All Credit To Their Bravery But….

From the Telegraph….

On Thursday night, officials had claimed the Taj Mahal Palace Hotel was safe but on Friday it became the centre of the conflict once again, with furious firefights between the terrorists and the military.

It is pretty bad when you say an area has been cleared and yet you turn around and have major gunfight 24 hours later. It leads credence to this grousing in from another Telegraph article….

A second British official said that, although the India’s Black Cat commandos have a fearsome reputation for efficient antiterrorist operations, their deployment was botched.

“They are supposed to set-up a command centre in complete control as their first priority,” the official said. “Instead they arrived and went in guns blazing.

“It was blind. They didn’t have maps of the hotels, yet there terrorists had done enough reconnaissance to use the service facilities to manoeuvre.”

There was also criticism of a midnight announcement on the first day of the crisis by a cabinet minister that 200 commandos were deployed in the area within two hours.

The British official said: “The terrorist were forewarned by the government itself.”

The whole article is riddled with tales of gross incompetence on the part of the Indian government. The Indian solders and police have demonstrated their bravery, but their leadership left a lot to be desired.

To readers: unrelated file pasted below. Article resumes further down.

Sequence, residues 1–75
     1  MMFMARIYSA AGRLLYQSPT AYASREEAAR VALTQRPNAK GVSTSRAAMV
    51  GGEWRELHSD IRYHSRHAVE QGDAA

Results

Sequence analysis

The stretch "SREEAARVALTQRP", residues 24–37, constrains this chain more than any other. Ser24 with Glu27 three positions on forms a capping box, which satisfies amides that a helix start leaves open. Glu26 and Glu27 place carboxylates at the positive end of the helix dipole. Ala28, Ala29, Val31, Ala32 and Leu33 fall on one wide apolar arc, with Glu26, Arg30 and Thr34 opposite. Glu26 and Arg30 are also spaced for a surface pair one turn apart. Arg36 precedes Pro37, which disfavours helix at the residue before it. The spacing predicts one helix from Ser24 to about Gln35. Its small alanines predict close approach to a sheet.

And on the subject of the terrorists being forewarned…..

A senior officer in the country’s elite Black Cat commando unit told the Telegraph, the gunmen were able to trawl the internet for information once they lost cable television feeds to the two luxury hotels and office block.

The men looked beyond the instant updates of the Indian media to find worldwide reaction to the events in Mumbai.

Their analysis of at least five BlackBerry mobile phones recovered suggested the terrorists had links to England.

“There was a lot of content from the English media, not just in London but the Urdu and Arabic sites that are very strong in the north of England,” the Commando leader said near the site of the city’s third siege at Nariman House. “We have some analysis started on this and we will pass it on to Scotland Yard, no doubt.”

The availability of news updates and live TV streams from Indian and foreign media is though to have given the hostage takers an advantage in the two day siege. By early yesterday army commanders had realised the extent of the problem.

Lieutenant-General Noble Thamburaj, head of India’s southern command, said: “I want to pay tribute to the brave army and Indian forces who have died but I will not put a figure on it because that will sustain the terrorists.”

As the above story seems to demonstrates, the killers seemed to have better command and control then the Indian government. According to Bill Roggio (h/t The Belmont Club) they had command and control rooms set up ahead of time. So that gave them an advantage that they exploited to the full.

Still, there does not seem to be any good excuse for the Indian’s sloppy command and control.

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